Labour frontbencher suggests aide in harassment case should lose job

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LONDON — A Labour adviser allowed to keep their job despite an investigation finding he sexually harassed a young intern should be sacked, shadow cabinet minister Jonathan Reynolds suggested Thursday.

POLITICO reported Wednesday that a party aide advising a senior opposition politician will remain in post despite a complaint against him being upheld twice — by parliamentary investigators and, separately, by Labour after a probe which ran for three years. The move has sparked an outcry among prominent women in the party.

Pressed on whether the adviser should lose their job Thursday, Shadow Business Secretary Jonathan Reynolds stressed that he did not “know the details of this case” and would caution against going “off what’s in the press.”

He stressed that Labour’s complaints process “removes any kind of political factor or any kind of political consideration from the process.”

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But he warned that any Labour figure found to have groped an intern should lose their job.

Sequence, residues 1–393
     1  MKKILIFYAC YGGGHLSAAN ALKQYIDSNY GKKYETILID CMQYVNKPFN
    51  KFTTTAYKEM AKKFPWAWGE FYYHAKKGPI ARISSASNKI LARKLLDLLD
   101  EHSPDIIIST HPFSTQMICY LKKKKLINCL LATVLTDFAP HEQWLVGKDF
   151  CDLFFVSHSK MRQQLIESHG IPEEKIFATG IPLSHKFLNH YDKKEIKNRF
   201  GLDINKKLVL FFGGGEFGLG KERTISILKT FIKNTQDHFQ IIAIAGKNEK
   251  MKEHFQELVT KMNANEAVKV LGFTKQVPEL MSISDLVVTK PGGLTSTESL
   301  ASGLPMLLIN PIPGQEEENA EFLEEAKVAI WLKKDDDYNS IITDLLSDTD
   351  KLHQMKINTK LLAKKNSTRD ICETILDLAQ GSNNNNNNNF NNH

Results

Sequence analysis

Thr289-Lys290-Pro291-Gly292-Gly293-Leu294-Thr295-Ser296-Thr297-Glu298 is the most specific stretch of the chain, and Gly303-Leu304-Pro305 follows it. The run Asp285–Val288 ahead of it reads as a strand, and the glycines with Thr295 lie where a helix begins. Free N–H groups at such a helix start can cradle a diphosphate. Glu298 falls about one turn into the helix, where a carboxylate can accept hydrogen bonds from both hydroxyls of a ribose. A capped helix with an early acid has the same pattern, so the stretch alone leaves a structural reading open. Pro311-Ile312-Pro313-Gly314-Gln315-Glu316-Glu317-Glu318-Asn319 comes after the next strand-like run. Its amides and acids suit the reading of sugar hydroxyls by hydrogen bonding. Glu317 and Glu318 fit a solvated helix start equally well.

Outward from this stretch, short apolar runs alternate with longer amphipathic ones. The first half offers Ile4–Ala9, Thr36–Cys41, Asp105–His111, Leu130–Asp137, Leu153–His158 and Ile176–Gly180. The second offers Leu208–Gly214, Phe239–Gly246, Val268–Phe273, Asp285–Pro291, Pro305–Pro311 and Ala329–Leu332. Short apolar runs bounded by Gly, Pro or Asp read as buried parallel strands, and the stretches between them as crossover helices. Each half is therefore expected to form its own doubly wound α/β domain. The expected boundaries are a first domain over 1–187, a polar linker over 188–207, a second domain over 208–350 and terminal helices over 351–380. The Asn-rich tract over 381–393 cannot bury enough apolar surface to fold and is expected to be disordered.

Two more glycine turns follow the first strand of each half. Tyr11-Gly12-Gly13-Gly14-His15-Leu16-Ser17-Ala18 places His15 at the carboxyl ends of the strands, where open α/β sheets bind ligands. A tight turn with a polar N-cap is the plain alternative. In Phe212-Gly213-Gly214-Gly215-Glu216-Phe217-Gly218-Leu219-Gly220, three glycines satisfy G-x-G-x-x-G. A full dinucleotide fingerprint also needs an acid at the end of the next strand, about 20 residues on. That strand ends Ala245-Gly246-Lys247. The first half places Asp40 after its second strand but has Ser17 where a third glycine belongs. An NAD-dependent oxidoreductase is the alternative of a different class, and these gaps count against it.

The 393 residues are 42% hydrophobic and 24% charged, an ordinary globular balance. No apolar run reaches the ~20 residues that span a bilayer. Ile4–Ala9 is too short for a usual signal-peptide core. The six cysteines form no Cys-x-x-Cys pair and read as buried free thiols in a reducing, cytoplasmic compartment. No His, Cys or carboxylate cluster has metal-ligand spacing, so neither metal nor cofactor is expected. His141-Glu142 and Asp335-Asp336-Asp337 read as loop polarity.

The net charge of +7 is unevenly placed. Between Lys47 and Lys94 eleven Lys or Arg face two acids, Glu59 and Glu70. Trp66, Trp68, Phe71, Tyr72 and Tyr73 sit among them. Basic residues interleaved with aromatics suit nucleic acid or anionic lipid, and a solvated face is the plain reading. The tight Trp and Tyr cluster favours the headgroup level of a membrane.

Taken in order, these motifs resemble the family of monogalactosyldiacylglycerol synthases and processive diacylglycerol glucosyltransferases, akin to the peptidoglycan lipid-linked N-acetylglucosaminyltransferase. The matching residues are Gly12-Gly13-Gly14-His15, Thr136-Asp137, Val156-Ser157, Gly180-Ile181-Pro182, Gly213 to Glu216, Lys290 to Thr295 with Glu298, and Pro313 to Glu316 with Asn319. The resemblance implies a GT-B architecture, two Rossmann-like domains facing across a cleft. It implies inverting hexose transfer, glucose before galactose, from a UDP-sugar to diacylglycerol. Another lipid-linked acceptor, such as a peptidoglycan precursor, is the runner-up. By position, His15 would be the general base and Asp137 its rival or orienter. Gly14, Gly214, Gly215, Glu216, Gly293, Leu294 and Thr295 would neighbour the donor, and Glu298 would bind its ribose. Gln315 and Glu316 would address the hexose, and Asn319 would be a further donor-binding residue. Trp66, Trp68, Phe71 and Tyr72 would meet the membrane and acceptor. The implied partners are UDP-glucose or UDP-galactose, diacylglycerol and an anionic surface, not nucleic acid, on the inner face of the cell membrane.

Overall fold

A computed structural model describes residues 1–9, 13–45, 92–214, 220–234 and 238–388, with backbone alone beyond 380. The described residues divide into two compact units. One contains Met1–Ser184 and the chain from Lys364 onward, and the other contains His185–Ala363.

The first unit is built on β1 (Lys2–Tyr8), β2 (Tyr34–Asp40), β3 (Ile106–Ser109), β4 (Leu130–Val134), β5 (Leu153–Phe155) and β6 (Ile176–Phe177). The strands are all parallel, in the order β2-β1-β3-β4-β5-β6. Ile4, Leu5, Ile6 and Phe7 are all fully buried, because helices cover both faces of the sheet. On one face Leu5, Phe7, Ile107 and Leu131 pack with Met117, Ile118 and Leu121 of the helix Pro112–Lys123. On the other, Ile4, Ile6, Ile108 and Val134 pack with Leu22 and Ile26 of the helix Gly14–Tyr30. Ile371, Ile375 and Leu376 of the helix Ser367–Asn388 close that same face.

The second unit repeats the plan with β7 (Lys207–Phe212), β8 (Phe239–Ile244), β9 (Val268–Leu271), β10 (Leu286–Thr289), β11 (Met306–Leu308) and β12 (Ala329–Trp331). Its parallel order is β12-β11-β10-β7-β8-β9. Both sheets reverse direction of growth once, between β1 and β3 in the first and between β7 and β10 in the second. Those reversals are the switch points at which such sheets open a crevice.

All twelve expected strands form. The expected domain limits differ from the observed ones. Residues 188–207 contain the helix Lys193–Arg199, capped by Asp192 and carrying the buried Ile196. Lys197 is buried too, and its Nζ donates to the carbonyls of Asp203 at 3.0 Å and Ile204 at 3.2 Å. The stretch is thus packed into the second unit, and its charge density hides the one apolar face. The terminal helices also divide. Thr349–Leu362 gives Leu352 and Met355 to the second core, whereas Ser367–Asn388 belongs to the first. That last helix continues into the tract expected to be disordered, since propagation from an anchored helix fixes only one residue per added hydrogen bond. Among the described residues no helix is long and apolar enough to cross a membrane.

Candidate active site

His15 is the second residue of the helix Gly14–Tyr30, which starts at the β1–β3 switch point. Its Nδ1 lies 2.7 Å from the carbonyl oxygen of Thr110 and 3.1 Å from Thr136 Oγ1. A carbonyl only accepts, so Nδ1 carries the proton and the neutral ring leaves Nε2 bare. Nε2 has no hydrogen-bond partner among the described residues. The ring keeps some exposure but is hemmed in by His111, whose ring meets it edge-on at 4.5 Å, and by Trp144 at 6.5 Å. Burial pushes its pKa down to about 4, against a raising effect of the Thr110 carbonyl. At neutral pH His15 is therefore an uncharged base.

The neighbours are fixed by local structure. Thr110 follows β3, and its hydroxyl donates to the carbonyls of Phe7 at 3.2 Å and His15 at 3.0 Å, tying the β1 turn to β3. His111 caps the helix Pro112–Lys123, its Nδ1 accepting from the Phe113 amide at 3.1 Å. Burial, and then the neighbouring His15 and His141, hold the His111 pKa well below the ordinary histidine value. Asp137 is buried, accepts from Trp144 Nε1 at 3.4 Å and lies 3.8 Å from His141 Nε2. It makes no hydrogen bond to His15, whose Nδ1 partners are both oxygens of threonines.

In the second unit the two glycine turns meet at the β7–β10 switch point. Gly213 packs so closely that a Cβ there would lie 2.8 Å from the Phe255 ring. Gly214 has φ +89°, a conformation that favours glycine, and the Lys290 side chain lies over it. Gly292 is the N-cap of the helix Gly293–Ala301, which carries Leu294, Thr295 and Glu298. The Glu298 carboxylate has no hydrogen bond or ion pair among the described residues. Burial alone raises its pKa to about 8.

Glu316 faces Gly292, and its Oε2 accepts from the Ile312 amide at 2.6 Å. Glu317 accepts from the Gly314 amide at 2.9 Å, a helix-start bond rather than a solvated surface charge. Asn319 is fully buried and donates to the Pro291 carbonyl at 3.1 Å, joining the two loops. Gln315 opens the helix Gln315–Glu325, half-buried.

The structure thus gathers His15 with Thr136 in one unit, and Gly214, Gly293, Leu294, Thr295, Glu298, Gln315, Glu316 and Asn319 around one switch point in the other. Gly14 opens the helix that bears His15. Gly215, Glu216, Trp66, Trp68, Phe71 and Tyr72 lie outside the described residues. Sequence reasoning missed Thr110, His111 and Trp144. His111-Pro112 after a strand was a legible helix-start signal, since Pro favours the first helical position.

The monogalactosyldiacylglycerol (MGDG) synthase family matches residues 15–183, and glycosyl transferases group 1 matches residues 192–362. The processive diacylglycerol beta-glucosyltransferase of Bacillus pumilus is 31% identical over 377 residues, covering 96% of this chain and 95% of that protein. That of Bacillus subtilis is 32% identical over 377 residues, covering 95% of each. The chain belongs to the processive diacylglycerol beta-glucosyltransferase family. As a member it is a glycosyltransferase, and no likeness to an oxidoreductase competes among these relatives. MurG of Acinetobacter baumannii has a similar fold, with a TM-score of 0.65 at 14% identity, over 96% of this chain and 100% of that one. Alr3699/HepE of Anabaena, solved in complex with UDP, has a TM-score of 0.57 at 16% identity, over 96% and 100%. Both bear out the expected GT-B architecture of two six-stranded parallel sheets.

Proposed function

“I don’t think anyone who behaves that way should continue with employment in any circumstance,” Reynolds told Times Radio.

Reynolds is the latest senior Labour figure to react to the case, which has again shone a spotlight on how misconduct allegations are handled in Westminster.

Labour MP Stella Creasy, a campaigner for women’s rights in parliament, told POLITICO “it’s deeply troubling that this case shows we could be employing people who have been found to abuse their position.” At least one shadow minister has also said they will raise the case with party bosses.

Asked about the case in the weekly briefing for Westminster reporters, Starmer’s spokesman insisted Wednesday that Labour has a zero tolerance approach to sexual harassment and that the case had been dealt with by “a thorough, robust, independent process.”